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Launch into space -

weather balloon in the stratosphere

<p>Launch into space -</p>

Launch into space

weather balloon in the stratosphere

<p>Launch into space</p>

Project Description

50 years after the first moon landing, class 8b launch a weather balloon up to an altitude of 40 km.

The project of 18 eighth-graders at a high school in Buchloe (Gymnasium Buchloe) involved sending a weather balloon with technical equipment into the stratosphere. "We came relatively close to the record for balloon flights," says class and physics teacher Florian Kohl. The 42-year-old wanted to carry out a special project last year with his class from the science track. His idea was to launch a weather balloon.

"I got the idea from the Internet," he says. After that, he and his students got down to work. They used a commercially available weather balloon made of particularly thin silicone. "This material is known for its tear-resistance, thus making it possible to calculate the height at which the helium-filled balloon bursts," explains Florian Kohl. "After all, the load must come down again somehow, otherwise it would drift off with the balloon into nirvana."

The flight route was then calculated. "This calculation can be carried out pretty accurately," says Mr. Kohl. The weather balloon flew up to an altitude of almost 40,000 meters. Then - almost as calculated - it burst. The camera in a box which the balloon had carried up with it recorded the pieces of the balloon flying in space above the Earth. The flight took place with no major complications, and although the parachute did not manage to open completely, the probe landed almost intact around three hours later. With the aid of GPS , the class was able to locate the probe a little south of a place called Leutkirch, where it was salvaged from an open field.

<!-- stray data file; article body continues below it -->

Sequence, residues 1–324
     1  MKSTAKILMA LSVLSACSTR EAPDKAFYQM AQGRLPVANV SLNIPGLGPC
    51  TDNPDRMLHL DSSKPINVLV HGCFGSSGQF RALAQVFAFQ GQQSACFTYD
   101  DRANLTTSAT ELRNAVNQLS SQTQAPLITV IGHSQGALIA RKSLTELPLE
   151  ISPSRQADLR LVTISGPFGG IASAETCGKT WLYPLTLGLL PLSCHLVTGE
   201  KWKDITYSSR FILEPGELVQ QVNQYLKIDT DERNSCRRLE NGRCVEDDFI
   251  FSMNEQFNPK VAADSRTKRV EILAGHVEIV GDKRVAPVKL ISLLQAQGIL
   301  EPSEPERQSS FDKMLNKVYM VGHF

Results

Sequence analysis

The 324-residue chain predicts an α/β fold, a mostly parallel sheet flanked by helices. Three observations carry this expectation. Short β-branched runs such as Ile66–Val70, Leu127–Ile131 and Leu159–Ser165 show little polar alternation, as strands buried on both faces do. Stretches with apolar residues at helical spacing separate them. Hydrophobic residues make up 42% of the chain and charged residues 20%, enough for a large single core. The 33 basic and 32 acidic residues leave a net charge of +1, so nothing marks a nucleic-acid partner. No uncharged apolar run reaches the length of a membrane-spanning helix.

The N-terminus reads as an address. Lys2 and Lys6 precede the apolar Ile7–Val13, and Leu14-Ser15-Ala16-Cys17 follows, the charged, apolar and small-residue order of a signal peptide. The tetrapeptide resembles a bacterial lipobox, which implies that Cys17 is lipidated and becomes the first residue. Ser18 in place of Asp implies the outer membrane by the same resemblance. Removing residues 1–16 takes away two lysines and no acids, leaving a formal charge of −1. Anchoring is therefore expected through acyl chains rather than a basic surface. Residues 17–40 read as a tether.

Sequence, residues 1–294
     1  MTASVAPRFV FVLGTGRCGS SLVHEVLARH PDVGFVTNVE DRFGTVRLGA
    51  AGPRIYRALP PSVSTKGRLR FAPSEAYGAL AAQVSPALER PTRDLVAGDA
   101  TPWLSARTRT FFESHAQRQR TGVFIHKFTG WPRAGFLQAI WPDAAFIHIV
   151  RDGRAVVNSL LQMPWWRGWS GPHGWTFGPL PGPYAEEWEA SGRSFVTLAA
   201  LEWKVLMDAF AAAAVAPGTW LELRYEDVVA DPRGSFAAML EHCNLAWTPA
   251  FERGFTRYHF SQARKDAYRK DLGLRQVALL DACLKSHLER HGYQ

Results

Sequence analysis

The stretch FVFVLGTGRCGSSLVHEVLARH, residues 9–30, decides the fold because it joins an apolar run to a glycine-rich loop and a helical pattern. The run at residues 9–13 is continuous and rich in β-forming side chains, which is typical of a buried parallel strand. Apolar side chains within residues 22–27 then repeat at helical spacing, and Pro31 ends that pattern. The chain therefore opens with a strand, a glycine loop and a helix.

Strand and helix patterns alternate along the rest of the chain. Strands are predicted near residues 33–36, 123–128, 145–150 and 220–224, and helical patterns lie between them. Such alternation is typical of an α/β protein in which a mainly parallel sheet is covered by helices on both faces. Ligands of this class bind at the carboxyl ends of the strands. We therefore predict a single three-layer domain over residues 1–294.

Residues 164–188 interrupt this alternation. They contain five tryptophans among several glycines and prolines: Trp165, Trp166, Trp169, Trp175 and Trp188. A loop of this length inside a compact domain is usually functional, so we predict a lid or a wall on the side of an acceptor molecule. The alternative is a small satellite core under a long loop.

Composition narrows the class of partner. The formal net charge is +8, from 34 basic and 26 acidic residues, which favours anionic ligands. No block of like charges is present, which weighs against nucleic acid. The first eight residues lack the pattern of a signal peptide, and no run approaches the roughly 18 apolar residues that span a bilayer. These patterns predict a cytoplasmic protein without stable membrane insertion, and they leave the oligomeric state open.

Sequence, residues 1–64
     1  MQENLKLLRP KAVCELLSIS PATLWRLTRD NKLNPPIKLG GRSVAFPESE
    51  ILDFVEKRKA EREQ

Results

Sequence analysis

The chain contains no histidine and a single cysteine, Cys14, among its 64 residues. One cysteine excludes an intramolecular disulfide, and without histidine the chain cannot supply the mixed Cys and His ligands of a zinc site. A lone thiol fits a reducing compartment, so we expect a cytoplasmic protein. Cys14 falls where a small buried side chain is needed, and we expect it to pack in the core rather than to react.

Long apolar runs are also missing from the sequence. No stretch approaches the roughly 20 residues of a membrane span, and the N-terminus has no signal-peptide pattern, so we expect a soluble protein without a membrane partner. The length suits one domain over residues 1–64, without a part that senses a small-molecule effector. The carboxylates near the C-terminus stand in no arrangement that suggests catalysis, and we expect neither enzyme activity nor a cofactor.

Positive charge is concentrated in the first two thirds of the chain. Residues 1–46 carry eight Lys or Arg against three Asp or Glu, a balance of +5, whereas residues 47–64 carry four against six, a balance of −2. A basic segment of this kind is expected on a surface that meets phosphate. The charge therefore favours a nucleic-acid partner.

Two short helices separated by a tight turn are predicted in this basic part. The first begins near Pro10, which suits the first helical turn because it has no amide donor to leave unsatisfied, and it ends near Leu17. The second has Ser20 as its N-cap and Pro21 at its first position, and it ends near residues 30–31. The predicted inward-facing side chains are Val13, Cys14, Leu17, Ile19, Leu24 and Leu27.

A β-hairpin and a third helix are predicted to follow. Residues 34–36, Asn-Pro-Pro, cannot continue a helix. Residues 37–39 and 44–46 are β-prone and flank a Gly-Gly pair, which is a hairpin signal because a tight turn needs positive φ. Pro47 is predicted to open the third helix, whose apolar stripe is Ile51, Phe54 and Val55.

On its way to the edge of space - the highest altitude reached by the probe was 39,907 meters - the on-board camera was able to take some spectacular images. The other measuring equipment on board also recorded a lot of data on the way. The lowest temperature of around - 40 °C was reached at an altitude of 12,000 m. In the tropopause and the stratosphere, a typical rise in temperature was then measured.

The probe's movements were recorded using a GPS data logger. In free fall, it reached a fall speed of over 400 km/h immediately after the balloon burst. Later, the probe slowed down to almost 50 km/h and landed safely. A view of the Earth and space from an altitude of 40 kilometers, documenting the journey there, the planned destruction of the balloon and the search for the remains using GPS - that's how interesting physics lessons can be with the support of the Frank Hirschvogel Foundation.

Project details

Topic: STEM

Age category: 12 - 18 years

Venue: Educational institution

Duration: 1 Day

Requirements: maximum of 30 school students

Project funding

It is possible for the Frank Hirschvogel Foundation to assume the travel and material costs.

Project inquiry